I have a friend who has four children, one of whom is adopted. I was with him once when he met someone for the first time and was answering questions about himself. When the question ”which one was adopted“ was asked, he gave his usual reply. With a dismissive wave of his hand he replied, ”Oh, I can’t remember.” It was his way of saying that all of his children were precious, equal, and loved.
Do you know that God feels the same way about you?
In Paul’s letter to the Galatians, he addressed a situation that had arisen between the “Judiazers”(Jewish converts) and the Gentile Christians. The Judiazers were insisting that converts to Christianity had to become Jewish (under the law) before becoming Christian. This involved many aspects of Judaism, including mandatory circumcision.
Can you imagine your Evangelism team going out door-to-door with that? That’s a hard pass, fellows.
Fortunately, Paul made the case that Jews and Gentiles were all adopted into the faith equally, and there was no need to go through the Law first:
Galatians 4 (Common English Bible)
4 But when the fulfillment of the time came, God sent his Son, born through a woman, and born under the Law. 5 This was so he could redeem those under the Law so that we could be adopted. 6 Because you are sons and daughters, God sent the Spirit of his Son into our hearts, crying, “Abba, Father!” 7 Therefore, you are no longer a slave but a son or daughter, and if you are his child, then you are also an heir through God.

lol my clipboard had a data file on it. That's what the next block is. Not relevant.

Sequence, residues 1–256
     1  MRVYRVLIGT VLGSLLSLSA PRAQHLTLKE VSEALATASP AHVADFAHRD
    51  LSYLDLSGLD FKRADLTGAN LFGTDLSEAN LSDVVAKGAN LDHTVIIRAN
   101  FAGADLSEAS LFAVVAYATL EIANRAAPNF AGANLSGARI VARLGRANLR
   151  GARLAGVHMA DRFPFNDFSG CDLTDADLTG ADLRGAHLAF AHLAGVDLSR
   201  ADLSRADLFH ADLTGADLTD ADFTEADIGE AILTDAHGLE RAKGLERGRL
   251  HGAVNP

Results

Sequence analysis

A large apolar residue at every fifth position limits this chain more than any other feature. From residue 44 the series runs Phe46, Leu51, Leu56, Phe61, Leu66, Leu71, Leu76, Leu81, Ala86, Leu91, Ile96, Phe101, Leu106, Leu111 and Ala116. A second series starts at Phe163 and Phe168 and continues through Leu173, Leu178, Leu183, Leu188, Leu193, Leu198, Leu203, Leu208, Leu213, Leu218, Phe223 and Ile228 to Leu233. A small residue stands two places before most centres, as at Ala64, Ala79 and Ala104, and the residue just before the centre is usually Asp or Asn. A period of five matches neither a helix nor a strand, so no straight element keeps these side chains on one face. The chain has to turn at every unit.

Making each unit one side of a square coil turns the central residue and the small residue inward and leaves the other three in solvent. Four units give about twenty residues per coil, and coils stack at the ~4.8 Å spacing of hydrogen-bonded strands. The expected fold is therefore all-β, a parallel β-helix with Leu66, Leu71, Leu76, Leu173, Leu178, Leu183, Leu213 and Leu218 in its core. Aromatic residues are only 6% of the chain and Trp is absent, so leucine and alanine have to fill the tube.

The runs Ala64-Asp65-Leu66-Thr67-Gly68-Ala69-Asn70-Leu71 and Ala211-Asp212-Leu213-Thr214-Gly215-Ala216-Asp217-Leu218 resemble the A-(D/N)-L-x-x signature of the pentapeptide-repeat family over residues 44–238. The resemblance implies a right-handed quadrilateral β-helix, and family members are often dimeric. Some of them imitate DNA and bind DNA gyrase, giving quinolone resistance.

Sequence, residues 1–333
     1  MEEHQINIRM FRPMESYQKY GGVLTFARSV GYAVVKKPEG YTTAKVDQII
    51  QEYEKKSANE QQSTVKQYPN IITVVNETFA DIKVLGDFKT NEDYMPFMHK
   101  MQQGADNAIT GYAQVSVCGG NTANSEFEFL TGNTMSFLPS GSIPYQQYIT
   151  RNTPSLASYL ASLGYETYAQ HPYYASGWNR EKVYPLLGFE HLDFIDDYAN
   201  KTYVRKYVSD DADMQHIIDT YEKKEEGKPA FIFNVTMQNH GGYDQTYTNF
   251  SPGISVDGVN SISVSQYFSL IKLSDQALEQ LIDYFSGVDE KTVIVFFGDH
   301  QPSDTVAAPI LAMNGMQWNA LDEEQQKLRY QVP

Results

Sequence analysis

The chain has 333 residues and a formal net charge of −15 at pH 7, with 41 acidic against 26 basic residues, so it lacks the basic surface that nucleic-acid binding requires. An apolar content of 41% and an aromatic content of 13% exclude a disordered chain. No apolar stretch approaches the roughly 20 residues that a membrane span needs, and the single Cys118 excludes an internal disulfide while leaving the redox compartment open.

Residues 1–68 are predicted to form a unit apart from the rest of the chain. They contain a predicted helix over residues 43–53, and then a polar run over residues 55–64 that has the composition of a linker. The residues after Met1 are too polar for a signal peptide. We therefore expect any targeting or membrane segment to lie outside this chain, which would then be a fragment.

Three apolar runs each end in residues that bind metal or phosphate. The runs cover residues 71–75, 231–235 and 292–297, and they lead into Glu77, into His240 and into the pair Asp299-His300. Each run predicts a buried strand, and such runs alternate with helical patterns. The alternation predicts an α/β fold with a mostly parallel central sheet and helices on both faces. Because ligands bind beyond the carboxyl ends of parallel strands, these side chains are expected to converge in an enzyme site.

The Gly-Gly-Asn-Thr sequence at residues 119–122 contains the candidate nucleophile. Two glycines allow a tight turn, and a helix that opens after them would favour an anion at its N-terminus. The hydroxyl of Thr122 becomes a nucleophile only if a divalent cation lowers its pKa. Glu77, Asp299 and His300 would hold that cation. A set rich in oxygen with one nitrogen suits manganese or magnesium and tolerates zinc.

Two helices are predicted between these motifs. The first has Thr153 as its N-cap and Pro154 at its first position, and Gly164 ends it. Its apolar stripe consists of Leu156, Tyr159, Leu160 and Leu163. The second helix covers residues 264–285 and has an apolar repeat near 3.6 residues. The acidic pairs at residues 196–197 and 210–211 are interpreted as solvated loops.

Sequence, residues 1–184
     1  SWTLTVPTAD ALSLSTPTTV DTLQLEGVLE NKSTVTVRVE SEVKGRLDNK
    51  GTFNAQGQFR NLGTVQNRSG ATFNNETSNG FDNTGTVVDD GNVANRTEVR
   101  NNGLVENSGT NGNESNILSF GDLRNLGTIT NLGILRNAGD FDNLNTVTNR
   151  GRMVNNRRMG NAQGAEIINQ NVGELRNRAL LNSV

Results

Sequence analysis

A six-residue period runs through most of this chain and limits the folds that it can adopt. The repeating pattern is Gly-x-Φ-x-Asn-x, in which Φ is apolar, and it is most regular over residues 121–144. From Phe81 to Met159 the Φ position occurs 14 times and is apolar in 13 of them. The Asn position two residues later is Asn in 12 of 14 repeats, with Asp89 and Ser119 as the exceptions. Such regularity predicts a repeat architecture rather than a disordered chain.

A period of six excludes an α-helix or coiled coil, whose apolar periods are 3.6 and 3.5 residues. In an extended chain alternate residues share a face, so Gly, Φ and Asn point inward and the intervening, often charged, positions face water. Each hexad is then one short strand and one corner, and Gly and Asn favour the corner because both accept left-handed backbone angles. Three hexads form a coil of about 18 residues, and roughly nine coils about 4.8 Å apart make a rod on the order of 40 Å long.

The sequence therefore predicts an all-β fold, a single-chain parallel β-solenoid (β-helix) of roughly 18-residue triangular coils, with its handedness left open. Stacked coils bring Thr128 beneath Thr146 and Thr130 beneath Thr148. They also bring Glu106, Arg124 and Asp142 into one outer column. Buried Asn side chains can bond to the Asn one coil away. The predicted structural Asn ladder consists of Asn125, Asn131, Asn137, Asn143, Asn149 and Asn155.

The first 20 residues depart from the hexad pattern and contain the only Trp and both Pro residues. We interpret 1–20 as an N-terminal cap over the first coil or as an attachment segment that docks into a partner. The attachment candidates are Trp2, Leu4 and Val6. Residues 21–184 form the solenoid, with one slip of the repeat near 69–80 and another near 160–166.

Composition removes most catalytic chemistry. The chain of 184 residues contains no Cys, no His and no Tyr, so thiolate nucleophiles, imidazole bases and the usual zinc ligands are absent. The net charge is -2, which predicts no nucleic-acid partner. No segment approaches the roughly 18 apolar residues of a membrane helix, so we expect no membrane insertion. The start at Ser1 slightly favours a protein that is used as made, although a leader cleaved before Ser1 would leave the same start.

This passage gives us permission to call upon God as our Abba-Father. It speaks of a tender relationship between parent and child. It invites us to sit on Dad’s lap and tell him our troubles. It guarantees our inheritance in the Kingdom of God.
We are redeemed into the family of God, and God calls us his sons and daughters. Christ was sent in the fulfillment of time to level the playing field, giving us equal access to the Father. Like any family, we will have differences and squabbles with each other, but at the end of the day, Jesus calls us all in from the backyard, and we put our feet under the same table … one that he has prepared for us.
The next time you come to the table to receive communion, remember this. The body that was broken and the blood that was poured out for the forgiveness of sins are acts of redemption that were done for all of God’s adopted kids. May we be humbled, grateful, and ready to welcome our brothers and sisters there.